One of the joys of being on board a ship in the middle of an ocean is the almost complete lack of background light at night, which means that should the sky be clear the views of the celestial sky are stunning. The main mast on the ship has a single lamp of about 40W and that tends to be the only distraction, certainly not enough to spoil the Milky Way and the vast numbers of stars. Sadly it is too difficult to capture on film due to the motion of the ship causing everything to blur. In addition with the evening temperature now up in the 20s, it is very pleasant to just stand outside enjoying fresh air and great sights.
My morning routine is to have a walk out on deck before breakfast and this morning I was met with a rainbow just aft of the James Clark Ross, with a nice clear sky behind.
As the James Clark Ross heads towards Recife and the collection of the scientists for the cruise around Ascension Island, it is an ideal time for all on board to catch up on outside maintenance work. With fine weather and no science just now to get in the way, there is a lot of activity out on deck. A ship takes a lot of looking after!
Looking down the starboard side of the ship this afternoon. The weather has steadily improved and we still have the wind and the sea from behind, ensuring a comfortable ride. The sun has been out throughout the day and the air temperature is slowly increasing.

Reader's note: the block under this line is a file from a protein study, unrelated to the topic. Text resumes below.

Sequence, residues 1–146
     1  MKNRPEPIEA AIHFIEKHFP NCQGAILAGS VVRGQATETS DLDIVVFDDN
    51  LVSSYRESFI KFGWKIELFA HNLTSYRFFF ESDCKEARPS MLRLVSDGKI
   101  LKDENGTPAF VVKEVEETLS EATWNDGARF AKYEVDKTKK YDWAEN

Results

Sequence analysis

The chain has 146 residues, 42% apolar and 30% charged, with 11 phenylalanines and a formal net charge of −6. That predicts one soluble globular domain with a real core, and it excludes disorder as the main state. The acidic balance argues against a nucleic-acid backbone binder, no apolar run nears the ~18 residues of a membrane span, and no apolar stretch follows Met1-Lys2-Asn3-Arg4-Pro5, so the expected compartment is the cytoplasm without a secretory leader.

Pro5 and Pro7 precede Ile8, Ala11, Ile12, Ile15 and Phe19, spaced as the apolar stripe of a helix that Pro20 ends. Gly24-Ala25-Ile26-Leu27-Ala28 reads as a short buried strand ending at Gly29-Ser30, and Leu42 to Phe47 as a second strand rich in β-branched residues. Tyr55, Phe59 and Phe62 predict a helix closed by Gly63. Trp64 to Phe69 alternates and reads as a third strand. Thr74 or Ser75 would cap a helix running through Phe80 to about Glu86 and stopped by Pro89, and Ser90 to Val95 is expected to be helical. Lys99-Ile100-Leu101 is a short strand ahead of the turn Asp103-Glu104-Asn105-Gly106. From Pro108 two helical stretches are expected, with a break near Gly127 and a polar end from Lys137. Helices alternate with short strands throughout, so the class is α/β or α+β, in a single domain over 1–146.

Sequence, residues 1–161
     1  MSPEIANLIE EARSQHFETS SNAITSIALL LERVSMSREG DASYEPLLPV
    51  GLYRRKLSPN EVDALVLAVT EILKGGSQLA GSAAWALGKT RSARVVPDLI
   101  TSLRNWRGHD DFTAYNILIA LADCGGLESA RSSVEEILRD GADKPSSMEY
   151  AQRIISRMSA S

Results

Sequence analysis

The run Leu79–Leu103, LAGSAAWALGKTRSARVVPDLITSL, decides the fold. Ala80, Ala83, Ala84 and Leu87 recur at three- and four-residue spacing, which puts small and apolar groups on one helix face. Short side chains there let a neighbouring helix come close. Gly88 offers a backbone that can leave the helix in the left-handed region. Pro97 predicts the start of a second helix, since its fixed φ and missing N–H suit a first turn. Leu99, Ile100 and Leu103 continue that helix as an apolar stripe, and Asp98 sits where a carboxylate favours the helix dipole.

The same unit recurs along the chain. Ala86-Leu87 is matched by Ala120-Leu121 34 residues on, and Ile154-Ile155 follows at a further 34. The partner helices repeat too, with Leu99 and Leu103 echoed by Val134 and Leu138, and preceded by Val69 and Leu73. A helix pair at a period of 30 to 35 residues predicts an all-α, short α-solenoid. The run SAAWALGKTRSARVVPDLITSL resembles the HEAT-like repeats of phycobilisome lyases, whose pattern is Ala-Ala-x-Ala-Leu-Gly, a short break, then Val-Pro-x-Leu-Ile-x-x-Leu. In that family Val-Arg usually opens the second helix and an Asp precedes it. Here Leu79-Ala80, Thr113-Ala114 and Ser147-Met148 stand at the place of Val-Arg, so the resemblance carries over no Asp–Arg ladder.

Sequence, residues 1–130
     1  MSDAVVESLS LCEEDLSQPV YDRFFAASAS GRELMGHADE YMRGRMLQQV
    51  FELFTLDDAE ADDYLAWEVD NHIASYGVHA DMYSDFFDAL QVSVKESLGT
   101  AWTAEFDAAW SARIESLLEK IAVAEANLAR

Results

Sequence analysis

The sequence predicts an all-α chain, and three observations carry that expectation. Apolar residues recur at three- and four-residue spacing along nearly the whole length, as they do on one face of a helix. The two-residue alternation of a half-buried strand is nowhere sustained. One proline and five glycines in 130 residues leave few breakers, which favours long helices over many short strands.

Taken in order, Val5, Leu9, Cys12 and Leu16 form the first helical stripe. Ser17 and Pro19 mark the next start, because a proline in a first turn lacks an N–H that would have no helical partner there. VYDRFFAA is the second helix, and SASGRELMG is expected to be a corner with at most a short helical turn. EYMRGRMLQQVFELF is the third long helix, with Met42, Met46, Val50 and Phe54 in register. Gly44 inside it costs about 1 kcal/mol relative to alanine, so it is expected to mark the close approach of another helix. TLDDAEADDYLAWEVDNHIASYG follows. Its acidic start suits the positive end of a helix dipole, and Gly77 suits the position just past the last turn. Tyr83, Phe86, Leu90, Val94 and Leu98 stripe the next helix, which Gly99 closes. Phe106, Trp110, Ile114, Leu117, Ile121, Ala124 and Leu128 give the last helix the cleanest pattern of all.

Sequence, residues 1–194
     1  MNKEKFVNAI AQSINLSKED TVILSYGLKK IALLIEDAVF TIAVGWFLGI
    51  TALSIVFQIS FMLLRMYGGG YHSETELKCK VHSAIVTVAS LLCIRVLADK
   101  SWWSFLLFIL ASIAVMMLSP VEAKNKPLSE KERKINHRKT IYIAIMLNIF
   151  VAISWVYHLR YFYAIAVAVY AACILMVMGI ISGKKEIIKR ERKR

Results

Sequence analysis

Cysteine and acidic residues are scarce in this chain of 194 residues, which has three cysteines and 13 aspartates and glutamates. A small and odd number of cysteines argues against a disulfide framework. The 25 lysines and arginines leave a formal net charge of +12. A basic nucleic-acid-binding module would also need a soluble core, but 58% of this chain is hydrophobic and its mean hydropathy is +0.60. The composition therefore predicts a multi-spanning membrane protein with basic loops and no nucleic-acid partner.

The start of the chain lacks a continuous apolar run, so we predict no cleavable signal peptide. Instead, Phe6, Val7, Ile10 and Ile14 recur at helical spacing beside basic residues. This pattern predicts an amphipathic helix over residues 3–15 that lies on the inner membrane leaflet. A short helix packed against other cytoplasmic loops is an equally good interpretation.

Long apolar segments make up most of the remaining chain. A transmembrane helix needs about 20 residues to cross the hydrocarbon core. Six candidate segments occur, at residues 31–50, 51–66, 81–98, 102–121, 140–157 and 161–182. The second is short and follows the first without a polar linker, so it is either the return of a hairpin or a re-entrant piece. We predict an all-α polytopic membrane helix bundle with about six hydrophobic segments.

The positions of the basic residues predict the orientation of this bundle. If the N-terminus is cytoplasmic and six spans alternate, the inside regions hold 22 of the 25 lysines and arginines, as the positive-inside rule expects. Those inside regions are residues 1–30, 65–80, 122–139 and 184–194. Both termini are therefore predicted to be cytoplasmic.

Whilst we don't have any scientists with us just now, Andy has remained on board from the last cruise as the IT expert and will be with us until the Cape Verde Islands. Here Andy is giving the on board drone some fresh air!
On board also with us is our lovely Doctor, Helen, who joined the ship in Immingham last year and has been with the ship ever since. She has been writing and excellent blog from on board, which can be found HERE. Here latest update talks of cannibals!
As the JCR is following the South American coastline it means that there is a lot of shipping traffic to be seen. We have passed close to some oil fields and our Automatic Identification System (AIS) has shown large numbers of support vessels. This is the Limar, 205m in length (information provided by the AIS) and heading for Argentina.
At lunchtime the JCR was only about 150m from Rio de Janeiro, a port that the ship has been to a number of times over the years. When I first visited the port on the RRS Bransfield in 1990 a local lighthouse beacon was used to calibrate the MF direction finder, equipment that is no longer carried on ships.
Taken just before sunset this shows how nice it is for us. I hope that we will have a fairly clear sky once again this evening and if so I will be outside enjoying the view.
Sunset this evening.
The Daily menu
Noon Position Report
|Latitude:||24° 04 S|
|Longitude:||40° 40 W|
|Bearing:||117 °T, 150 Nm from Rio de Janeiro|
|Course Made Good||037 °T|
|(1) Destination 1:||Recife|
|(1) ETA at 11.0 knots is||12:00 on 19 May 2017|
|(2) Destination 2:||Recife|
|(2) ETA at 7.7 knots is||06:00 on 21 May 2017|
|Total Distance Travelled:||1064|
|Total Steam Time:||92.8|
|Total Average Speed:||11.5|
|Wind:||Direction SW, Force 4|
|Air Temp: 26.3 °C||Sea Temp: 25.3 °C|
|Pressure: 1014.3||Tendency (3 hrs): Falling|
Previous updates from this trip
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